Marcia’s novel, One Smooth Stone, won the Best New Canadian Christian Author Award in 2006. Marcia is also a sought-after speaker. Visit www.vinemarc.com
How did you come to be a writer?
I started writing short stories and poems for my dolls. They didn’t complain so I kept it up. :) Then my aunt gave me a copy of Emily of New Moon for my eleventh birthday. I discovered you could call yourself a writer and determined that someday that’s what I’d be. It took many years but I published my first short story in 1990 and began writing articles for a local paper about that same time. I self published a compilation of my column in 2002 (a second edition has just been released), a second devotional book in 2005 and then my novel, One Smooth Stone won me the Best New Canadian Christian Author Award and was published in 2007. The sequel should be available sometime this spring.
Tell us how you come up with characters.
Characters often grow out of something I hear or see. For instance, the main character in One Smooth Stone developed after a woman asked me a profound question – “Can you imagine what it would be like for someone to discover that his mother had tried to abort him?” I did imagine and the character of Alex Donnelly emerged. He’s very much a composite of many people I knew while living in the Yukon, in Canada’s western Arctic.
Where do you write?
I share an office in our home with my husband who is a pastor. We’re church planting right now, so we don’t have a church building where my husband would ordinarily go to work each day. It’s been an interesting adjustment and a challenge for us both!
What are you currently writing?
I just finished working on the sequel to One Smooth Stone and am hoping it will published this fall, which means I'll be working on the final edit soon, if all goes well. At the end of One Smooth Stone the main character discovers he has a sister. The second book, A Tumbled Stone, deals with his struggles of faith as he searches for her. It is also his sister’s story.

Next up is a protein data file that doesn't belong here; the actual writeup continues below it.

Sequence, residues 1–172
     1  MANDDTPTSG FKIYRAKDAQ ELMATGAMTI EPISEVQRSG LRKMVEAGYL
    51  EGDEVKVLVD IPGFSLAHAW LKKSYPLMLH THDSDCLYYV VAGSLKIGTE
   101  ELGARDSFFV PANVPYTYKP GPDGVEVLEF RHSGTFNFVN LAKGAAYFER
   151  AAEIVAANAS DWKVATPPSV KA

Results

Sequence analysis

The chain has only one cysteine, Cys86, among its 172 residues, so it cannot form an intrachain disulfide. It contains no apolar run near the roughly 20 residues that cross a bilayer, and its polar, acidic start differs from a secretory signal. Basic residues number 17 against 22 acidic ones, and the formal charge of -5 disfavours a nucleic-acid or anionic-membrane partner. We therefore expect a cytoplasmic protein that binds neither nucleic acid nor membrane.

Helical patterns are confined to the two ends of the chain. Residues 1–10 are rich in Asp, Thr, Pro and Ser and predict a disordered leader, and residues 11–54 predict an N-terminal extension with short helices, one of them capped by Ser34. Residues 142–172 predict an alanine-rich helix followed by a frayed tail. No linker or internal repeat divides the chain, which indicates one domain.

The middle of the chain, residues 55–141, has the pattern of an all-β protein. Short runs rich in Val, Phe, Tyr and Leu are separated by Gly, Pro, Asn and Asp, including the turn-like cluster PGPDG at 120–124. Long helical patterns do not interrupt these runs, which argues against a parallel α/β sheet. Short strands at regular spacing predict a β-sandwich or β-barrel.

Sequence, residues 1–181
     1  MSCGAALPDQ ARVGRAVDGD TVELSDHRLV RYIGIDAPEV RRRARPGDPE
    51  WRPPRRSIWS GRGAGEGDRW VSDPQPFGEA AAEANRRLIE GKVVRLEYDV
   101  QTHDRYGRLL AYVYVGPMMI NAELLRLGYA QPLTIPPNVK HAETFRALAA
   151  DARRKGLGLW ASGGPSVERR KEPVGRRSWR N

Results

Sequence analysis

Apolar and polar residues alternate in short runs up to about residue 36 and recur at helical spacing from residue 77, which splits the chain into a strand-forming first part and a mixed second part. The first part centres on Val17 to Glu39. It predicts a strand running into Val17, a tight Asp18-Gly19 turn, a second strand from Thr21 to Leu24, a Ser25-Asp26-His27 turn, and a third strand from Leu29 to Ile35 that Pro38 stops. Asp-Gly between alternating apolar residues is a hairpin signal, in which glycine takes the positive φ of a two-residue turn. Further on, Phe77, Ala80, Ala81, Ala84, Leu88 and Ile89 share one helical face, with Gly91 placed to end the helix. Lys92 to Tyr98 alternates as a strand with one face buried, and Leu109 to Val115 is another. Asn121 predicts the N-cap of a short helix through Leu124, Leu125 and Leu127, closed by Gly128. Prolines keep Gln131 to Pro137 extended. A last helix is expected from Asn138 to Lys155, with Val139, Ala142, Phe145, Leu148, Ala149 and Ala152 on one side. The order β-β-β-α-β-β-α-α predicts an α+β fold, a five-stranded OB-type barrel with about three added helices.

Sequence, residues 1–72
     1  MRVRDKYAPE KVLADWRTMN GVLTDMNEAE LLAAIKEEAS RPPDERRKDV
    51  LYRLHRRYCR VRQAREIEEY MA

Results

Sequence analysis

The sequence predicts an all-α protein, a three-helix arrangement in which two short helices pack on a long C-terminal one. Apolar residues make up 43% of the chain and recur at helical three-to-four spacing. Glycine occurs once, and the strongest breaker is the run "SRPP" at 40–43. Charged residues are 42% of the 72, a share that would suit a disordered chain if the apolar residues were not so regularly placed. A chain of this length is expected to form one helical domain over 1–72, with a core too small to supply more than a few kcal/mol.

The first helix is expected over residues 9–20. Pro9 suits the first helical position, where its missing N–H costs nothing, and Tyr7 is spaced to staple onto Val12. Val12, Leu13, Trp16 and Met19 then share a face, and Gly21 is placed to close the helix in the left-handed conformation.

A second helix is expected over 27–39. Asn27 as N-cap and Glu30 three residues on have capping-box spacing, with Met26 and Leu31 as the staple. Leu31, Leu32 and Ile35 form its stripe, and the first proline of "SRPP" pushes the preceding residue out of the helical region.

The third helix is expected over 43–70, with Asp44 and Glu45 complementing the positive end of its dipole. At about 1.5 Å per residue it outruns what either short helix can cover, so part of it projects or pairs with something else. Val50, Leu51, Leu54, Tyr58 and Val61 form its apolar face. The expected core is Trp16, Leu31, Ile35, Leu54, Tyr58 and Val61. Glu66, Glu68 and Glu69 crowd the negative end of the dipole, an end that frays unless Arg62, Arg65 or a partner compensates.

What accomplishment(s) are you most proud of, writing-related or not?
I’m probably most proud and humbled of the fact that my husband and I, in spite of all our flaws somehow managed to raise three wonderful daughters who are a joy to us in many ways. God’s grace is evident in their lives and I’m very thankful for them. There was a time when I believed I would never have children (see my website for the story) so to have three beautiful daughters continues to amaze me.
Also, I’m quite proud of the fact that I managed to complete the NaNoWriMo challenge – 50,000 words in one month - and I now have five books available to readers.
Favorite scripture and/or quote:
Scripture - Hebrews 10:24 – “Let us consider therefore how we may spur one another on to love and good deeds.” I titled my weekly column The Spur – from this verse - it also seemed a good fit because I live in the heart of Alberta cowboy country.
Quote – “Writing is not a performance. It is a generosity.” Benda Ueland.
What kind of planning do you do before writing a novel?
Very little. My stories usually come to me in scenes. I outline a bit as I go, just a timeline of sorts, but when I sit down to write I usually have very little idea where the story will go. I find it exciting to see it unfold. I do research along the way as needed.
In your opinion, what is the greatest danger or pitfall in the life of a writer?
Believing that it’s your talent that changes lives. I’ve had many people tell me amazing stories about how something I wrote changed them in some way. It’s important to remember that only God can do that. He uses our words to affect His purposes. We’re just being obedient in putting the words on paper. It’s an incredible privilege and blessing to be used in that way.
Why did you choose to write this book?
I’ve met many people like the main character. In fact, at one time I was a lot like him. I know the kind of prison people like Alex are trapped in – one partly of their own making and I also know the joy of being set free by the love of Christ. My prayer is that many more people will understand that no-one is beyond the reach of God and no matter what you’ve done or where you’ve been or what’s been done to you, God loves you deeply and unconditionally God has already been faithful in honouring that prayer. The very first book I took out of the box I gave to a friend whose daughter was raped when she was a teenager. She called her mom in tears, after staying up all night reading it, and told her that now she does believe God loves her, in spite of everything. It’s that kind of response that makes it all worthwhile and that’s what keeps me going.
What one thing about writing do you wish other non-writers would understand?
That writing is a ministry. It’s a hidden ministry that takes hours of sitting in a room alone but the end result can be lives changed for Christ.
Can you give us one do and one don’t for those aspiring to be a writer?
Do go to writers’ conferences and take courses to sharpen your skills. Find a good critique group where others will give constructive criticism. Don’t let the rejections stop you. Keep writing.
How can readers get in contact with you?
My website – www.vinemarc.com
E-Mail – MarciaATvinemarcDotcom
One Smooth Stone can be ordered from any Christian bookstore or online from Amazon or Barnes and Noble or the publisher, www.castlequaybooks.com
My devotionals can be ordered on my website and my ebook for writers can be downloaded from www.smashwords.com/books/view/58017
Here's a link to the book trailer: http://www.youtube.com/watch?v=iz1VG59-Aiw